Special Education and Online Learning
Are you a student with special education status? Are you wondering if online leaning may be a good fit for you?
When enrolling in online learning (OLL), you need to inform the OLL provider of your special education status. You are considered a special education student if you have been identified as qualifying for special education services. This means you most likely have had an Individual Education Plan (IEP) in the past. If you are unsure of your status, consult with your previous school.
Supplementary Online Course Enrollment
When you enroll in supplementary OLL classes, the enrolling school district continues to provide special education services. This includes keeping all IEP records up to date, monitoring progress on IEP goals, completing the Evaluation Summary Report every three years, and case management. The OLL provider is responsible for consulting with the enrolling district to provide appropriate services as needed.
Comprehensive Online Program Enrollment
When a special education student enrolls in a comprehensive OLL program, the school will need to call an Individual Education Plan (IEP) meeting to write a new IEP, to support your success in the new setting. You will receive special education services from that district and receive a high school diploma from that school.
Some Special Education Activities Requires You to Show Up
Some online schools conduct IEP meetings at a distance using conference calling and other technology. Other schools prefer to meet face-to-face. A family can request that the IEP meeting be conducted through a conference call if traveling to the physical location of the school is a burden to them.
Many measures of progress on the IEP may also need to be conducted physically at school. The Evaluation Summary Report as well as numerous probes and evaluative tests must be conducted under strict accountability measures to be accurate.
Direction Instruction (DI)
Special education for many students involves a variety of activities referred to as Direct Instruction (DI). The goal of DI is to increase their knowledge in a subject area such as spelling common words or counting money.
An IEP team will decide how best to provide DI to each individual student. They will consult with the IEP goals and work out a plan to offer the needed DI to each student.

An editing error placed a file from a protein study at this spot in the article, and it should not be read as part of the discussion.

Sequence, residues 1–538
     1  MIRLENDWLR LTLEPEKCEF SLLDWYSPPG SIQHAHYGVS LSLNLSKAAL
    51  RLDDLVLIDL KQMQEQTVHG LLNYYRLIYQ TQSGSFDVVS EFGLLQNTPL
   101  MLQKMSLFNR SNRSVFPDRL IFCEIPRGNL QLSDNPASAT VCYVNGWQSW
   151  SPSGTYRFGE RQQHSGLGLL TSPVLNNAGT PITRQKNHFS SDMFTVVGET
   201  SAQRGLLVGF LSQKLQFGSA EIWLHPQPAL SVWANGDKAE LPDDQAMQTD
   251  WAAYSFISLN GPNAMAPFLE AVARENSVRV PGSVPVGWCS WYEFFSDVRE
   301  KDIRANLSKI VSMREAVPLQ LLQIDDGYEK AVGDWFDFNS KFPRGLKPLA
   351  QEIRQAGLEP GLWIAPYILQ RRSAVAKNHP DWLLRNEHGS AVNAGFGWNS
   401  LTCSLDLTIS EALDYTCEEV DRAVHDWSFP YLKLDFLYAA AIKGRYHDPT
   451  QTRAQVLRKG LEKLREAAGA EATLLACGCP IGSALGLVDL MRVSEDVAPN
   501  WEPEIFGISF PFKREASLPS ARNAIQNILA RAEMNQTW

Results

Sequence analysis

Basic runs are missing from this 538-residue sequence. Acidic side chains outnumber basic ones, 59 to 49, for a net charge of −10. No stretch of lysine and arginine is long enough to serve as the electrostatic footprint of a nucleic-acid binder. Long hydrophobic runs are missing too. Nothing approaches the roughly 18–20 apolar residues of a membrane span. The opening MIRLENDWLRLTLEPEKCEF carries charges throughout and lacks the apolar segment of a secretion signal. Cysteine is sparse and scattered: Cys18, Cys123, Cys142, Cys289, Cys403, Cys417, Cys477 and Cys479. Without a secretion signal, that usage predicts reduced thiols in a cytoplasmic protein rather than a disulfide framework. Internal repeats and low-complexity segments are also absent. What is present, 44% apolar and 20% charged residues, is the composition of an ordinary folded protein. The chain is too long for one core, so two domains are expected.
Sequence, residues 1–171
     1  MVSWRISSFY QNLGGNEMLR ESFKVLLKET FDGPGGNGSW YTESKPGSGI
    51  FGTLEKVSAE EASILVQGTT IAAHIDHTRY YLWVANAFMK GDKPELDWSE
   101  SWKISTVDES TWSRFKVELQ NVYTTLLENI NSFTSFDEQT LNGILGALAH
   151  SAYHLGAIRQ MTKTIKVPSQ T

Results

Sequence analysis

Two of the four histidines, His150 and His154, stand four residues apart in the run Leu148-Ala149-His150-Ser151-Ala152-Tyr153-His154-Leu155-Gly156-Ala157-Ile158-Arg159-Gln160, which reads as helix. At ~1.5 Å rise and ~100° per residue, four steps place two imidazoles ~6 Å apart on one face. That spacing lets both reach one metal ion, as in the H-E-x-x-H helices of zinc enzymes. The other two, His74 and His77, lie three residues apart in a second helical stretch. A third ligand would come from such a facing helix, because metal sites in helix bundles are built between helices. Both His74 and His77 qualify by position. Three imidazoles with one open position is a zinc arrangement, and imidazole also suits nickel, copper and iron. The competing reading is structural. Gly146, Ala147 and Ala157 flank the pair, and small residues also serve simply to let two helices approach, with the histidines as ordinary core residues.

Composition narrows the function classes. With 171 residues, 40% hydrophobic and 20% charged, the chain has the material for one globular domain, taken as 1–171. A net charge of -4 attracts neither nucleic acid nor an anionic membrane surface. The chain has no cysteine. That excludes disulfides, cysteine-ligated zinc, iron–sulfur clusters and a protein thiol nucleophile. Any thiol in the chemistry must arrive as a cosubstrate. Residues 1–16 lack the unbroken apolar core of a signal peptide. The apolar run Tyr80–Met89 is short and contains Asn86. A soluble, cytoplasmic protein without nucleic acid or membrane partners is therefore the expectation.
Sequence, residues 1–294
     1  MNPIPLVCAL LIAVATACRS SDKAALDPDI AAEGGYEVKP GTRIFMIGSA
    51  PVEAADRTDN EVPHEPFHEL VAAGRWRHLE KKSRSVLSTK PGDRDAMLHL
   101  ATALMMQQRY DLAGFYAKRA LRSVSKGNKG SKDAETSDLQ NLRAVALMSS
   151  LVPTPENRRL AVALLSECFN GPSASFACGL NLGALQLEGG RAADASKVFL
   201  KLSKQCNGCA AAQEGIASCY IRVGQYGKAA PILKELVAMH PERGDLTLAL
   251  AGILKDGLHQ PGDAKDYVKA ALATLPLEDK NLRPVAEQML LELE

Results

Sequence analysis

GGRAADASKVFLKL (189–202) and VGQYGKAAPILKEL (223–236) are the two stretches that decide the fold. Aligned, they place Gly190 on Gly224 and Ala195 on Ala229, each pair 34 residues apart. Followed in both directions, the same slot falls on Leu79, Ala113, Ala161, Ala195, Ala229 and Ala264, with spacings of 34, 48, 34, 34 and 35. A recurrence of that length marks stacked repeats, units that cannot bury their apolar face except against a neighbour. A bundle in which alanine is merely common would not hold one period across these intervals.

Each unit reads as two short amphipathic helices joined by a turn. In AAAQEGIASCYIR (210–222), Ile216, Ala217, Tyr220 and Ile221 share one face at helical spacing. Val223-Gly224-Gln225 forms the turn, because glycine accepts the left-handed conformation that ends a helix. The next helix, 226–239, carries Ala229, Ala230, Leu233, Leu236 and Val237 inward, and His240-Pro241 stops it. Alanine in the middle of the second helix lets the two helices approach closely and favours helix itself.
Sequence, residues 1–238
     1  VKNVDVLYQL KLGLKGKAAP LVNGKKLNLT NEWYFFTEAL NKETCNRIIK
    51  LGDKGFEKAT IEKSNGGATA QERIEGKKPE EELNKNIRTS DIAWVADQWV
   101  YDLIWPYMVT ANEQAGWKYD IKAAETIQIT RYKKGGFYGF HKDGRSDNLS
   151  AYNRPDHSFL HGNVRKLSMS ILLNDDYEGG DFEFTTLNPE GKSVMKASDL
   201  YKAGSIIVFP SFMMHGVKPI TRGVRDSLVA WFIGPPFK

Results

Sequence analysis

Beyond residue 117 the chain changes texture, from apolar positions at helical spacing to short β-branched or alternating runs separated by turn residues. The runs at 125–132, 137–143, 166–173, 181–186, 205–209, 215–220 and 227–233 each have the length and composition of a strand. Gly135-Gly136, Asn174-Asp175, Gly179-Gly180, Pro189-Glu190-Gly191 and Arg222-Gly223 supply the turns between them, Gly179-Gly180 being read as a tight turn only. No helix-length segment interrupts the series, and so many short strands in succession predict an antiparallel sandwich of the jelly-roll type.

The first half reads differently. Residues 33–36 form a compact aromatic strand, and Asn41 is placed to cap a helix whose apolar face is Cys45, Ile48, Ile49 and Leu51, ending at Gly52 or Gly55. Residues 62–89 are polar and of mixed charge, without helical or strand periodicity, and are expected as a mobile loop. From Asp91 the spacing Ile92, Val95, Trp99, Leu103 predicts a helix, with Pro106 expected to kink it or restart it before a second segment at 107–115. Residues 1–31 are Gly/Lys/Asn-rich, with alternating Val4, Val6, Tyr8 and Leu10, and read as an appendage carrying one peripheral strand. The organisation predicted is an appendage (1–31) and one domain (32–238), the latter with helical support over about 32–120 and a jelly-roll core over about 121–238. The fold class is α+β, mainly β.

When looking at online programs, consider how they deliver DI to special education students. Some online schools offer DI completely at a distance and use a variety of technologies to do this.
Other online schools offer DI in a traditional manner. They require that the student be physically present in the school a certain number of days each week. Before applying to an online school, ask how the school delivers DI, so that you know how much traveling will be required.
What is a 504 Plan?
A 504 plan is designed to accommodate the unique needs of an individual with a disability. This is required by the Americans with Disabilities Act (ADA). Inform your OLL provider of your 504 status. They can obtain a copy of your 504 plan from your previous school (or your enrolling school) and work with you on any accommodation needs.
Please note that if you are on a 504 plan, this is a different status than being a special education student.
Online Resources for College-Bound Students with Disabilities
DO-IT is a collaboration at the University of Washington. It stands for disabilities, opportunities, Internetworking, and technology. It created the following resources:
"Preparing for College: An Online Tutorial"
This online tutorial produced links to online resources for college-bound teens with disabilities. It also has information about how parents can assist their teens in exploring these resources.
College: You Can DO-IT!
This video offers advice from students with disabilities and school staff on how to succeed in college. It's designed for high school students with disabilities as they prepare for college. It is open-captioned and audio-described for viewers who are deaf or blind. (Run time: 13:43 minutes.)